One can trade into newly constructed property, but one cannot own the land on which the improvements are being built. The land must be owned by either the seller, the developer or a parking intermediary. If the taxpayer already owns the land, it can be sold to a parking intermediary or the developer. The seller or intermediary will contract to construct the improvements, and at the end of the 180-day period can convey the property (completed or partially completed) to the taxpayer to close out the exchange. This is usually a race against the clock to try to spend as many construction dollars as is necessary to complete the trade. One cannot prepay construction costs.
No. The essence of a trade is that one has not cashed out any part of the investment. One must trade up or even on price. And one must use all of the cash proceeds from the sale. Taking this altogether, the transaction is taxable to the extent that the purchase price of the new property is less than the selling price of the old property. And the transaction is taxable to the extent that there is cash left over with the qualified intermediary after the purchase of the new property (except that if the left-over cash is attributable to real estate tax prorations, security deposits or other prorations on the purchase of the new property; that money can often be taken off the table without creating tax). If one trades up or even in price and uses up all the cash, then the debt (comparing the mortgage on the old property to the mortgage on the new property) should be roughly the same or greater. If the debt goes down, there is potential tax unless more cash is put into the deal. One cannot borrow more on the new property as a way of trading up and taking cash out of the deal.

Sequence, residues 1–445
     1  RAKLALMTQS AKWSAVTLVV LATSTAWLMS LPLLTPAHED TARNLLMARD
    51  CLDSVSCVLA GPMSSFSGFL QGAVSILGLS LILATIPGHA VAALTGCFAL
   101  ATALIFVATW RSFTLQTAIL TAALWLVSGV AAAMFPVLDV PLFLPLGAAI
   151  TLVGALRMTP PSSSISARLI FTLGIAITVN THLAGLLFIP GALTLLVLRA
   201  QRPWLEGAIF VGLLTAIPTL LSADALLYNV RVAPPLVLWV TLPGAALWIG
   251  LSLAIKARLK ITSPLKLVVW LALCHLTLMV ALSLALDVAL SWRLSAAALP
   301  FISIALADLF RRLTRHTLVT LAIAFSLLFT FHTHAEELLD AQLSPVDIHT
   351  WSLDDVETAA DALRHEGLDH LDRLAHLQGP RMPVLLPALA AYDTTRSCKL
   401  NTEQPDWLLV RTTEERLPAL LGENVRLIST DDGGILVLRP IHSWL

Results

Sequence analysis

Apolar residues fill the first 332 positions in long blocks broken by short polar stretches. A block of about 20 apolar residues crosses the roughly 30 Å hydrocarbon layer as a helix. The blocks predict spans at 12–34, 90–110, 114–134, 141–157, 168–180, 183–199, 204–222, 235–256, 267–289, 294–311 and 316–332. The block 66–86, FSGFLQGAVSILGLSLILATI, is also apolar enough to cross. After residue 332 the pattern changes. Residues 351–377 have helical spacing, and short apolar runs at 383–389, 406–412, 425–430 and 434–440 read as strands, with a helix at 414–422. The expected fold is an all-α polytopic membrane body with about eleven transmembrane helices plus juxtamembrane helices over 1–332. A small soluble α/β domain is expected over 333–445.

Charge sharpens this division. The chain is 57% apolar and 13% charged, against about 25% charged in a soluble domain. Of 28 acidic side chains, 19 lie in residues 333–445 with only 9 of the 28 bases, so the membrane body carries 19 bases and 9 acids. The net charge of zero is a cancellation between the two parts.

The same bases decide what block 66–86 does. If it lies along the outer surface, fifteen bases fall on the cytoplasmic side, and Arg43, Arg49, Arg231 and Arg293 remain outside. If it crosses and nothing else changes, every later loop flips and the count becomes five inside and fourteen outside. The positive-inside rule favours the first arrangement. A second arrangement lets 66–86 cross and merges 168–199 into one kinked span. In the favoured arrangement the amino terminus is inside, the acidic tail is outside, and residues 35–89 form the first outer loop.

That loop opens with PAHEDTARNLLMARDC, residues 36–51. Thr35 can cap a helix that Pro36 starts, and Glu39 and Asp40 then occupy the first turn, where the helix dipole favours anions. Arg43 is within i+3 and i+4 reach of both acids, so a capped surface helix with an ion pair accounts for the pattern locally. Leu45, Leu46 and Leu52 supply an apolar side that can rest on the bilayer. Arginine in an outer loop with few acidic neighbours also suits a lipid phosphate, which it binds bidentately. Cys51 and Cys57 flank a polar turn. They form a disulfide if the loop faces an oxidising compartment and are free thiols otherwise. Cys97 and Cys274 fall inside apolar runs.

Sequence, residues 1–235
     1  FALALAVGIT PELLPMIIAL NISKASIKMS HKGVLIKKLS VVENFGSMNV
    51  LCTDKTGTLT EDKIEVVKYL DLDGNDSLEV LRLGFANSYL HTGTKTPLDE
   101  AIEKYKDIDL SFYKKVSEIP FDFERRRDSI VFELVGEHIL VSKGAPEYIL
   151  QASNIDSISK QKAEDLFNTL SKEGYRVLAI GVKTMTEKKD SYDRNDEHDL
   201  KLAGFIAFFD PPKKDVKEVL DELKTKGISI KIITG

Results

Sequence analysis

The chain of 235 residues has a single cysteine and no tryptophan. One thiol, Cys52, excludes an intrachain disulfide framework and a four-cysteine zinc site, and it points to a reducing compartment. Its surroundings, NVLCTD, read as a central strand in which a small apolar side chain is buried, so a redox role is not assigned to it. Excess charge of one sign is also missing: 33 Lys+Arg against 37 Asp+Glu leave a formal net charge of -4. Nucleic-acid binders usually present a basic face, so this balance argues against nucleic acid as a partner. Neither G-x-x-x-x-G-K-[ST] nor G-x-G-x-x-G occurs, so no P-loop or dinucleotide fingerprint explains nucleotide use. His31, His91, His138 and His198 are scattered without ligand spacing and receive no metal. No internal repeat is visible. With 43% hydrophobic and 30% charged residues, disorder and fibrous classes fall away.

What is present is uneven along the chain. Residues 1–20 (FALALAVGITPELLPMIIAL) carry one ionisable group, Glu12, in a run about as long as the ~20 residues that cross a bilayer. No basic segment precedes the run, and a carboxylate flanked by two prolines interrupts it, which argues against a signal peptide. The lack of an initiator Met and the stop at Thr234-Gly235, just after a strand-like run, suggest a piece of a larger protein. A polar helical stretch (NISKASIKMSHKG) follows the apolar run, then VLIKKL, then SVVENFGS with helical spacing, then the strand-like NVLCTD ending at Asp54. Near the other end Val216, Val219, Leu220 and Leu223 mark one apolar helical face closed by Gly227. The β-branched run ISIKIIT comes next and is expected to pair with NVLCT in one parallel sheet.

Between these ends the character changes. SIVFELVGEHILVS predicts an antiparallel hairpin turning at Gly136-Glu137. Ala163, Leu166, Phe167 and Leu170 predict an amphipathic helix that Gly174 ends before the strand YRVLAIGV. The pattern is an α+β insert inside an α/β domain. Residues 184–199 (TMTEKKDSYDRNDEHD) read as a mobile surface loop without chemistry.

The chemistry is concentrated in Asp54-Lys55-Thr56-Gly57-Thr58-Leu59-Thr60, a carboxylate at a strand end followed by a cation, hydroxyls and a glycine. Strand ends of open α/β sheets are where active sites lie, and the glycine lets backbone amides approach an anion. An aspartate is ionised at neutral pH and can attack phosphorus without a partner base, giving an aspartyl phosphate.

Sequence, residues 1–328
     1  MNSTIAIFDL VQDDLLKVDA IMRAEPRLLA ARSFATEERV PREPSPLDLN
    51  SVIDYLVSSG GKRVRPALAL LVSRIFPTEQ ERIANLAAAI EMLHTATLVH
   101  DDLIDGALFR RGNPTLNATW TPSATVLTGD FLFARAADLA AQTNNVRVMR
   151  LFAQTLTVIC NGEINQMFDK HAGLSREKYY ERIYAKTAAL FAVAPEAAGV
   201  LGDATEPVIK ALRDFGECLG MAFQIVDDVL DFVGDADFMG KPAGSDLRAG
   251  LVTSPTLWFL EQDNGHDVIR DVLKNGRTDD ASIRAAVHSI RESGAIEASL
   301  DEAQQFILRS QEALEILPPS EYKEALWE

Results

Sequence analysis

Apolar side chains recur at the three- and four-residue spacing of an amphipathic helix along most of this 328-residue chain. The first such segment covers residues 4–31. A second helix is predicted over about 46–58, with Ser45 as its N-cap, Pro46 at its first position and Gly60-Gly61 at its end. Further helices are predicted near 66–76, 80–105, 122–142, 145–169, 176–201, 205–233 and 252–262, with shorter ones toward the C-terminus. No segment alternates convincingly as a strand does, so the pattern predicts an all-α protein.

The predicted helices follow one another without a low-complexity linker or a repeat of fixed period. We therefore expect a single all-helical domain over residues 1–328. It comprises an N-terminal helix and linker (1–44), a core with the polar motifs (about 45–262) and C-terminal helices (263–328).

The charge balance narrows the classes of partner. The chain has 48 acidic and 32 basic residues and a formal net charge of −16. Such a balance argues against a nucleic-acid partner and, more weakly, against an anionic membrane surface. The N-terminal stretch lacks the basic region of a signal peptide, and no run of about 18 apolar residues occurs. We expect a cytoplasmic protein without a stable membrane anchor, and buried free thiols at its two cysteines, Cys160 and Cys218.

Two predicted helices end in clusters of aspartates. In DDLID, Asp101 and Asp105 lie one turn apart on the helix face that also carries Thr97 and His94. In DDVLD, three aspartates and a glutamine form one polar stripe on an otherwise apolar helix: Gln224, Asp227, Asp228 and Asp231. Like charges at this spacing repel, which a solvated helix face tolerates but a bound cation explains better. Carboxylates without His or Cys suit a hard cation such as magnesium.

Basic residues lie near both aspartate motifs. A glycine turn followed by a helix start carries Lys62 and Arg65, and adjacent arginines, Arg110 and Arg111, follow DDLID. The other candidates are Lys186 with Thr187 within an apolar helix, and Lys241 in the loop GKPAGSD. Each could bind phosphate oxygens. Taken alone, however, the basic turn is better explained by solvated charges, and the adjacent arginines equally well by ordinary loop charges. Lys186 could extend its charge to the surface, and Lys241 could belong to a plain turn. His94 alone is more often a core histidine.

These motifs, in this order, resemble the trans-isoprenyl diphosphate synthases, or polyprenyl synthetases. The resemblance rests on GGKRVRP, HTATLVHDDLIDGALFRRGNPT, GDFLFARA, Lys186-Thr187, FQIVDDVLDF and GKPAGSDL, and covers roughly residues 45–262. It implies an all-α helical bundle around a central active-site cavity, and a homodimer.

As mentioned above, one must trade up or even on price and use up all the cash. So while one can put more debt on the new property (if it costs more than the old property), one cannot refinance in the middle of the trade and take cash off the table. Typically, what is done is to leverage up the old property in advance of the sale, or complete the trade and then refinance the new property to take the cash out. In both cases, the additional financing must be independent from the exchange. Refinancing after the trade is generally preferable from a tax perspective. And there are ways to structure the refinancing without incurring additional fees.
The way to calculate this is first to figure out what the gain would have been on an outright sale. On an exchange, one can never have more gain than that. Then look to the amount of cash that was not rolled over, or the amount by which the purchase price of the new property is less than the selling of the old property. This will be the so-called “boot.” The gain is the lesser of the gain that one would have had on an outright sale or the amount of boot. For example, say that on an outright sale, one would have had $50,000 of gain. On the exchange, there was $10,000 of cash that was not reinvested. The first $10,000 of gain is subject to tax. It is not one-fifth of the gain. The boot is taxed dollar for dollar off the top, subject to the limitation that there cannot be more exchange gain than on an outright sale.